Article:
In Order To Breathe

I understand Andy Parker, the grief-stricken father whose 24-year-old daughter Alison was slain on live television in Roanoke, VA.

When my nephew died in Iraq, I wanted to prevent other families from hearing the words delivered to my brother, “We regret to inform you…” I wrote my first op-ed and sent it for publication to a Kentucky newspaper, believing individual voices mattered, that I could make a difference. Even though signing petitions and participation in peace marches had accomplished nothing to thwart the Bush/Cheney bloodlust in the Middle East. For months after Chase’s death, I lay awake, thinking about his parents, siblings, and my parents, dwelling on the death of a child, children, and feeling panicky. How could I survive if this were one of my sons? I continued writing, spoke at rallies, protested.

I was on a mission.

Like Parker.

Like Parker, who asked, “How many times are we going to see a crazy person with a gun kill people?”

Parker’s prepared to become the “John Walsh of gun control” to challenge the National Rifle Association (NRA). His words:

I’m for the Second Amendment, but there has to be a way to force politicians that are cowards and in the pockets of the NRA to come to grips and make sense, have sensible laws so that crazy people can’t get guns.

Yes, I do understand Parker, recognize his silent wail of “oh, god, not my child, not my child, please not my child.” He’s in quicksand, suffocating, reaching for something firm. The answer to his immeasurable pain: tackle the vast. He has to believe in his success and gulp the spotlessness of hope in order to breathe.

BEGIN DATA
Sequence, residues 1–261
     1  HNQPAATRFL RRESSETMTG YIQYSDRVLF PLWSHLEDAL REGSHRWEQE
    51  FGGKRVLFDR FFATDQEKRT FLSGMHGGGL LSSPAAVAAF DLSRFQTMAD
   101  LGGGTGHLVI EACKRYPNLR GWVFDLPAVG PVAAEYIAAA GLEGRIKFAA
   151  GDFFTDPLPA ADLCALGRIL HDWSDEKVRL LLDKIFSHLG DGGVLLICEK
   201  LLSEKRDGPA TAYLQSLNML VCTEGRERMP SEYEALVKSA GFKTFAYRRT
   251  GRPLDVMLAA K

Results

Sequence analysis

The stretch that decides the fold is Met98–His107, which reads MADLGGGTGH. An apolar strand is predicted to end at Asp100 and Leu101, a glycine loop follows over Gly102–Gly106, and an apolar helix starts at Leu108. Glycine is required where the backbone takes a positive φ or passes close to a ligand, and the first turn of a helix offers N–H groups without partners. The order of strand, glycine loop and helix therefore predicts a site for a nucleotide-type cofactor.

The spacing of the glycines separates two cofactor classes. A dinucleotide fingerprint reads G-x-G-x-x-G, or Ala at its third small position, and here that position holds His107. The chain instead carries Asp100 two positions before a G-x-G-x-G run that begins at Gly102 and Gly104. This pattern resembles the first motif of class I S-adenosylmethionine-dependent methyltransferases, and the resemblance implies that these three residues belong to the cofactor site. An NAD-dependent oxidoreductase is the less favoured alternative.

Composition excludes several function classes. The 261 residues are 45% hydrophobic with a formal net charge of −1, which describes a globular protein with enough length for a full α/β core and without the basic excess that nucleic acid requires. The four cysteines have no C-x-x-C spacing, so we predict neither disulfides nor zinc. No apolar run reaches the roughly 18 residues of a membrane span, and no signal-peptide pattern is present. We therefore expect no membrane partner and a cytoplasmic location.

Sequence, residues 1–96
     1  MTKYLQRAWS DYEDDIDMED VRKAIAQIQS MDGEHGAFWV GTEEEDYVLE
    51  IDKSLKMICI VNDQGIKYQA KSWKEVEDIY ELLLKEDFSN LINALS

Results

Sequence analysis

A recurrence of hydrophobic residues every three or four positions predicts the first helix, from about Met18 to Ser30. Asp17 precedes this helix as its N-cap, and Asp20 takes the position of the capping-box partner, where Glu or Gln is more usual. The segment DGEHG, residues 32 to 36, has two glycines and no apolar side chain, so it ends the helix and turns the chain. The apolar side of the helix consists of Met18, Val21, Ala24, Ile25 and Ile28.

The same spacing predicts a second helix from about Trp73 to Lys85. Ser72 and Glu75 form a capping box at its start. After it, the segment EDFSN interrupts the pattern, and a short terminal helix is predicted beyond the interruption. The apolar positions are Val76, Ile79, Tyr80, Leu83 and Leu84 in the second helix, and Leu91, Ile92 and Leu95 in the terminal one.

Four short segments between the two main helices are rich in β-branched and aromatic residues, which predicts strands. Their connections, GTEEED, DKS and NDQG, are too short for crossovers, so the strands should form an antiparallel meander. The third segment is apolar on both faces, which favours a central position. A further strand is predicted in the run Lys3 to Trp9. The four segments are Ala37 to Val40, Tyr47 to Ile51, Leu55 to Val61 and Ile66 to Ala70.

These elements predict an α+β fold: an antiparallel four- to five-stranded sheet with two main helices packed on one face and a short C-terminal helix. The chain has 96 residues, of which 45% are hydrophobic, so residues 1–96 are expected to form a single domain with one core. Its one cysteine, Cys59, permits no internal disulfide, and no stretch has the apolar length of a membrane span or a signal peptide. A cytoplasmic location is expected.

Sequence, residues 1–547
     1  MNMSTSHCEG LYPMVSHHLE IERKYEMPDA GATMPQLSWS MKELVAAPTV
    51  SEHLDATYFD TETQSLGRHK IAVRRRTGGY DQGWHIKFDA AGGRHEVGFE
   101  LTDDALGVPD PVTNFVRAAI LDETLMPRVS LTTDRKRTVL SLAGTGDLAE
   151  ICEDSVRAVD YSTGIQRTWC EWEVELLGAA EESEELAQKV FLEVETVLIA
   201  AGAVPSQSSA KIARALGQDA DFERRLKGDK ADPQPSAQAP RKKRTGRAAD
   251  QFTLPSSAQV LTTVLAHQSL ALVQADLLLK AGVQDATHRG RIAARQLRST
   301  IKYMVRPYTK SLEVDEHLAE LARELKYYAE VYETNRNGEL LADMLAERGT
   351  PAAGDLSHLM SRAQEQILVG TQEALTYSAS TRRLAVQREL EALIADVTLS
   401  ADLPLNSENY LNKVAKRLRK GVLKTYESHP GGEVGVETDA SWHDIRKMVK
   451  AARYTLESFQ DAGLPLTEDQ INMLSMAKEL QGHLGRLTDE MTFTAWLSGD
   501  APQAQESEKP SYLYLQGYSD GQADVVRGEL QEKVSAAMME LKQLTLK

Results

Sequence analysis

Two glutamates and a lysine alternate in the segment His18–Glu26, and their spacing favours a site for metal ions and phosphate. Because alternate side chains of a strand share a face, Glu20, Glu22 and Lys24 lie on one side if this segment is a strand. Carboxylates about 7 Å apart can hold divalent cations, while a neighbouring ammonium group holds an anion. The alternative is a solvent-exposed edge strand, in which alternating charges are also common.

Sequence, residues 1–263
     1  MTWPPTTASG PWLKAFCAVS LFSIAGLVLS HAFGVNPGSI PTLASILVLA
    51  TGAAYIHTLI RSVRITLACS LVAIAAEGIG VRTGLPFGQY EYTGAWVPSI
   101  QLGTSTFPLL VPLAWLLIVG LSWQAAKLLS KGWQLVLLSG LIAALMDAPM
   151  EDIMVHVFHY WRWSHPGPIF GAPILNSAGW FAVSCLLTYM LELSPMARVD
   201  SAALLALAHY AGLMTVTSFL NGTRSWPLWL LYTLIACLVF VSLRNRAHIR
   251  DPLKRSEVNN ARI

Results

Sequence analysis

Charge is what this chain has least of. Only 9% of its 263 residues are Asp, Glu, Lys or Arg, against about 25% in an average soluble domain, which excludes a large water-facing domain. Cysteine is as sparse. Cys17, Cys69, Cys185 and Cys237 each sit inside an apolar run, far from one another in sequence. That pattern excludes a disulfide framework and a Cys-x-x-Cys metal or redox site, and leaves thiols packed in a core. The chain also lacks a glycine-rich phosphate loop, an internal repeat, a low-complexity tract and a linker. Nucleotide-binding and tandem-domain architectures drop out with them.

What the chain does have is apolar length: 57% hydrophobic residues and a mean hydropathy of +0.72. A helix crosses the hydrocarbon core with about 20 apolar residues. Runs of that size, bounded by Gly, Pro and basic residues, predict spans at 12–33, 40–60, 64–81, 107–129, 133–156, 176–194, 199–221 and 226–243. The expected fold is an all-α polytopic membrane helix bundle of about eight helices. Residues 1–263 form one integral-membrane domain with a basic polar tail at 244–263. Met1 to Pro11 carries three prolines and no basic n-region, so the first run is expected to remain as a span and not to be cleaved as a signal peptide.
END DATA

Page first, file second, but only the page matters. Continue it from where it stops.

So Parker is pouring his fall-to-the-floor pain into a cause—one that will slam him against those realities that the Karl Roves create and then spin to something else when and if enough of us grasp a truth that might tug at their design.

It’s not just a “crazy person” with guns though. The culture of aggression, dripping with violence, is pervasive. Drones, a president with a kill list, invasions, a conquest-oriented foreign policy, a conquest-oriented domestic policy enforced through police militarization, and an utterly terrifying array of politicians that pander to our basest predispositions: fear. And especially fear of anyone dissimilar.

Ten years have passed since Chase died. The Empire strikes and strikes and strikes. Gun shows flourish. Mothers support a baby with one arm while packing heat and a concealed-carry permit in a handbag in the other. Movies that glorify war are blockbusters, nominated for awards. Major sports events are military recruitment tools.
I understand Andy Parker. But I wonder when he’ll realize that if Sandy Hook failed to deliver gun control, nothing will. Because the masters of carnage are in control and are out of control.

Missy Beattie has written for National Public Radio and Nashville Life Magazine. She was an instructor of memoirs writing at Johns Hopkins’ Osher Lifelong Learning Institute in BaltimoreEmail: